Archive for December 8th, 2008

by jhwygirl

Not exactly a classy way to go out the door, posting this:

I guess if he doesn’t give a you-know-what, why should I?

Doug “woe-is-me” Mood fails to recognize that quite possibly his loss was tied to his lack of support for green and alternative energy or his infamous vote while in the legislature which led to deregulation of Montana Power – and what observers around the nation recognize as a massive catastrophic mistake for the citizens of Montana. Instead blames it on Missoulians:

I managed to put together a majority of the votes in every county of the PSC District,…except Missoula. Coming out of Missoula County I was 11,400 votes behind. In the rest of the district I was ahead by 8000 votes.

My opponent got 15,359 votes in the non-Missoula counties, and 32,616 in Missoula County (two thirds of her total vote).

I got 23,359 votes in the non-Missoula counties and 21,222 votes in Missoula county.

I want to thank all the voters of District who have so kindly given me their support over the past many years. Perhaps we’ll meet again.

Oh, those crazy Missoulians….

You know, maybe – just perhaps – the voters in PSC district 4 recognized that Gail Gutsche would use her time in the PSC to seek to expand development of renewable and clean energy sources while recovering low cost options and ensure that we have low energy prices while doing it?

In other words – maybe Gail Gutsche was the best candidate.

Mood also takes the time to post a full map of the United States, showing the winner of the presidential race, county by county, democrat v republican. How that correlates with his loss in the PSC, well, let’s just say that’s lost upon me. Be sure to check it out.

On the other hand, it looks like Bill Clinton has gotten a reprieve from being blamed for everything. I’m sure he’s relieved.

by jhwygirl

Bob Gentry over at Left in the West has a great breakdown of the failures of DEQ in permitting the Rock Creek silver mine which has been proposed for the Cabinet Mountains.

Montana Supreme Court threw out DEQ’s permit – remanding it back to the district court that had ruled in its favor – saying that failure to do a comprehensive nondegradation review of water quality and relying on a water treatment facility was a violation of state law. The court went on further to question DEQ’s reliance on a treatment facility that would essentially be needed forever, while failing to recognize that perpetual need. The court continued and even further, criticizing DEQ for placing an arbitrary bonding amount on said treatment facility without factoring in maintenance and the companies ability to maintain responsibility over the treatment facility which was key to DEQ’s original decision to waive off the water quality degradation review.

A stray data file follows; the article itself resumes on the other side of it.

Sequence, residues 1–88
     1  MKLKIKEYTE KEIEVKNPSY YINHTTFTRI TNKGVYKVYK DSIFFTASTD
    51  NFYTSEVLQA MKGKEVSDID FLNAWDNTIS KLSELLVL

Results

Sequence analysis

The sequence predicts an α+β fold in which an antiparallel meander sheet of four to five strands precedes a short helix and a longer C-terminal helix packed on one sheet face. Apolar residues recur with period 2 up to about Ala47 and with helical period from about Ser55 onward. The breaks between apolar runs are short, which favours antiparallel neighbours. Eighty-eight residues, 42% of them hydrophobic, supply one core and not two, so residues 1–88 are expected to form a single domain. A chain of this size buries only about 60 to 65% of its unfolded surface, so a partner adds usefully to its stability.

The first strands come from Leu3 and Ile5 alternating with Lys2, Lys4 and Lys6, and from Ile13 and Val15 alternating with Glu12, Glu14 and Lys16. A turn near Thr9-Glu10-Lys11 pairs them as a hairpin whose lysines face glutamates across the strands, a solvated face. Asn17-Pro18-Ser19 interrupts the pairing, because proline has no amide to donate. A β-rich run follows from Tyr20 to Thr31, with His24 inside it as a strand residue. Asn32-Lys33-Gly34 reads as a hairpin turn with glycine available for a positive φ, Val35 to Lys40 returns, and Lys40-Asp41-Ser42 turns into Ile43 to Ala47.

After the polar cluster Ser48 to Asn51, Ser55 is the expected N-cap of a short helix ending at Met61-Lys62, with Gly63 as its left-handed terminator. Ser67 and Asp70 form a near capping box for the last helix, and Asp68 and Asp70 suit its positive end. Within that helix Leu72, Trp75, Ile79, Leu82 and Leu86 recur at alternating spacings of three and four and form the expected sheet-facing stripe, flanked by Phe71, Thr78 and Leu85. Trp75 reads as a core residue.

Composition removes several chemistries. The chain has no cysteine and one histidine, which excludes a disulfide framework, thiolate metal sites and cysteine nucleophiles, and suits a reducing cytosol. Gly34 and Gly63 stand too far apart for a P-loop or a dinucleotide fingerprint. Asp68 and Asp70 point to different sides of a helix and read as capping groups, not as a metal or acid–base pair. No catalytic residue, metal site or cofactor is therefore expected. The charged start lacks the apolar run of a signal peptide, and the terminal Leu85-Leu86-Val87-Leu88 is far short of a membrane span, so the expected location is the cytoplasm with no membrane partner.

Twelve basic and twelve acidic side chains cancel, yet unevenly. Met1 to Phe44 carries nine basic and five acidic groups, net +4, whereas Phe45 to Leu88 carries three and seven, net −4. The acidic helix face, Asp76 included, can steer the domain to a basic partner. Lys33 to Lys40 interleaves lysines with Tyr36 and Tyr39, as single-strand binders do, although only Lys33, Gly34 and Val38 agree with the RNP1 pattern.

Aye yi yi…as I’ve said before: It makes me wonder what we don’t hear about.

Meanwhile, a blowout of the Big Dick Mine near Garrison – which happened sometime around Thanksgiving – has officials tasked with a problem to which they really haven’t even been able to grasp since it’s discovery just over two weeks ago.

The Big Dick Mine produced gold, silver, lead and other metals from 1905 until the ’40’s..and may have been opened up again in the ’70’s and ’80’s. In closing the mine, DEQ required that an earthen core be used to close the mine (according to the permit.) It is that earthen core that blew out once pressure built as water built up internally.

The mine is #68 on the state’s Abandoned Mine Priority List. There are over 300 mines on the list.

Check out the thumbnail pictures on the right – the second one from the top shows the force with which the mine blew.

At the first inspection, the force of he mine had destroyed a nearby road, knocked over some nearby buildings, and had contaminated 3 miles of the Little Blackfoot River. A waist-deep channel has been carved into the mountain, and the bright orange crap continues to flow at a rate of 5 to 20 gallons per minute.


The Little Blackfoot is that lovely little river that most people are familiar with as it snakes it way along Highway 12 on the way from Garrison to Helena. Fabulous for fishing, I saw 4 bald eagles fishing its waters this week. There is also a tremendous amount of agricultural activity along the river, with cattle ranchers relying on its waters for their agricultural operations.

Then again, I’ve told ya’all before – don’t kid yourself into thinking that Montana is an agricentric state anymore. We’ve got priorities, and they don’t include water for ag producers.

The blow out of this mine should raise concerns for water quality aficionados from Mineral, Missoula, Granite, Powell, Lewis & Clark and Lincoln counties, just to name a few. How many mines were filled with earthen cores without inspection to see whether subsurface water sources had been disturbed?

As precious metals rise in value, mining has increased in the area. How many of you all know that? How much scrutiny and monitoring is given to these mines? Does DEQ even have sufficient personnel to monitor this stuff?

What is a mine operators responsibility over these issues – and do they have any responsibility, given that the recent Montana Supreme Court decision shed light on DEQ’s arbitrary bonding amount requirements, and even worse, DEQ’s failure to require comprehensive degradation reviews.

It seems to me that ongoing monitoring is needed when someone (i.e., a mine operator) goes drilling into the earth. Water sources can be directly or indirectly disturbed, and without ongoing monitoring – and comprehensive inspection prior to closing – bad things can happen.

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